Earlier this month, SpaceX was preparing to launch the first all-civilian mission into orbit. Titled “Inspiration4,” the effort stemmed from Shift4 CEO and billionaire Jason Isaacman purchasing four seats in the private space company’s Dragon capsule as a fundraising effort to support child cancer treatment at St. Jude Children’s Research Hospital. He doled out the additional spots to a trio of fellow amateurs, who would join him in orbiting the Earth for three days as they hurtled through the dark void of space at a higher altitude than any astronaut had traveled in over 20 years.
All along, filmmaker Jason Hehir had been documenting the journey for the Netflix limited series “Countdown: Inspiration4 Mission to Space,” with new episodes airing once a week in the buildup to the launch. Hehir had gotten to know the future astronaut subjects so well that even he had trouble considering the scariest question of all: What if the astronauts didn’t survive the mission? “It’s probably irresponsible on my part that we didn’t have a concrete plan for what we would’ve done,” Hehir said in an interview this week. “But we didn’t want to go there.”
Any seasoned astronaut or NASA veteran knows all too well that going to space is one of the most dangerous undertakings a human being can do. In 1986, the Challenger space shuttle erupted shortly after liftoff; in 2003, the Columbia disintegrated on reentry. Even as the privatization of space has opened up new opportunities for non-professionals to experience microgravity and cosmic views of the planet from above, every mission comes equipped with the terrifying potential of failure.
Much as the filmmakers behind “Free Solo” had to contemplate what to do if their daring climber subject fell off a mountain, Hehir did have to consider a contingency plan if the Inspiration4 mission went awry. “It was obviously a radioactive conversation that no one wanted to have,” he said. “We had loose plans for what we were going to do with the final episode but the reality is that SpaceX likely would’ve seized all the footage. I don’t know how we would’ve made a doc with what we would’ve been given. It would’ve been talking heads and felt like a news report. But I am confident we would’ve made an episode.”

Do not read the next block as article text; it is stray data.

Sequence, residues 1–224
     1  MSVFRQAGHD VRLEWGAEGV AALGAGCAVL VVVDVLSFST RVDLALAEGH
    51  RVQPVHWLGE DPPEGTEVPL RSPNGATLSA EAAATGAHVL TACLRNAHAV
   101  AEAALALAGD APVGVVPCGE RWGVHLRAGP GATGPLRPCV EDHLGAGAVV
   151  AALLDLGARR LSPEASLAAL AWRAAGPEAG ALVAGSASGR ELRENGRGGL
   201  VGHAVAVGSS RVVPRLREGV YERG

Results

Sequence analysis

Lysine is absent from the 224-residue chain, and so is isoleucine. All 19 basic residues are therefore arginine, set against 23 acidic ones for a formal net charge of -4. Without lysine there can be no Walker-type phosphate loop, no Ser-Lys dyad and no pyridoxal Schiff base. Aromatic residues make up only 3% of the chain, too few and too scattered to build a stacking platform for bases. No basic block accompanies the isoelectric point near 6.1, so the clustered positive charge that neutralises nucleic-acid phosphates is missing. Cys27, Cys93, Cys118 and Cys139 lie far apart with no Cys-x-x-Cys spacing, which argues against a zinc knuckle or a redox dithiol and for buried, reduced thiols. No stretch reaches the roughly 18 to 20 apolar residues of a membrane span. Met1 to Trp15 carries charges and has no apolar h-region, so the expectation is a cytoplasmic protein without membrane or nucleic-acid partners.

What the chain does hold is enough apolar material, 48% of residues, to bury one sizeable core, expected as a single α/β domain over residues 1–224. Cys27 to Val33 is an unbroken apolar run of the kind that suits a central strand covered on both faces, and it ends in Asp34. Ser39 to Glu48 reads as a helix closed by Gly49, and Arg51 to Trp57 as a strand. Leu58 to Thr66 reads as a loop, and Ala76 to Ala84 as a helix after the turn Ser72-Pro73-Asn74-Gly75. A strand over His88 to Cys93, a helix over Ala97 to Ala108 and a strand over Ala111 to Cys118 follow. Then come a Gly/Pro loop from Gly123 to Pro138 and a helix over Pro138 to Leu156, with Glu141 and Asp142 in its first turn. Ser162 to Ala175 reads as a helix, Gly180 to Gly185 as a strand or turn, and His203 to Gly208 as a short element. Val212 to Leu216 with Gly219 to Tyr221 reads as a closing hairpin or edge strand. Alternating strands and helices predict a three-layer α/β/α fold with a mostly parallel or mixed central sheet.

Fortunately, that hypothetical never came into play. The hourlong finale of the five-episode “Countdown: Inspiration4 Mission to Space” that comes out this week chronicles how Isaacman, along with child cancer survivor Hayley Arcenaux, geology professor Sian Proctor, and data engineer Chris Sembroski completed a successful three-day mission that brought them up to 575 kilometers above the planet and concluded with their splashdown in the Atlantic Ocean. With the crew’s dazzling 4K iPhone footage at its center, the episode provides the first up-close look at the potential for space tourism that is poised to evolve in the near future. As the giddy crew float around the Dragon capsule and gaze out its expansive cupola, they marvel at the stunning imagery of the globe as they circle its perimeter every 90 minutes.
To date, that experience has been limited to the 600-odd professional astronauts who have gone to space in the last 60 years. While recent efforts by Richard Branson and Jeff Bezos captured fleeting rollercoaster rides into microgravity for a few minutes, the Inspiration4 mission is closer to what the future of private space travel might look like.
The opportunity to capture that story came to Hehir in April, when Netflix executive Gabe Spitzer sent the director a New York Times article about the crew selected for the mission. Hehir said he was reminded of an HBO series he directed, “24/7,” in which he followed a pair of boxers in the days leading up to their matches. Though the original plan was to shoot a six-part limited series that would air next year, they quickly decided to take a page from the earlier project. “I wanted to do this project because of the challenge of turning around a feature-length documentary one week from the events that transpired,” Hehir said. “The first four episodes were all about gaining the trust of these astronauts and their families in order to slowly convince them to let us in.”
At the time, Hehir knew next to nothing about the latest chapter in space travel. “This space thing was completely foreign to me before this project,” he said, “but I feel like my learning curve has been straight up the wall. I’m now a proud space nerd.”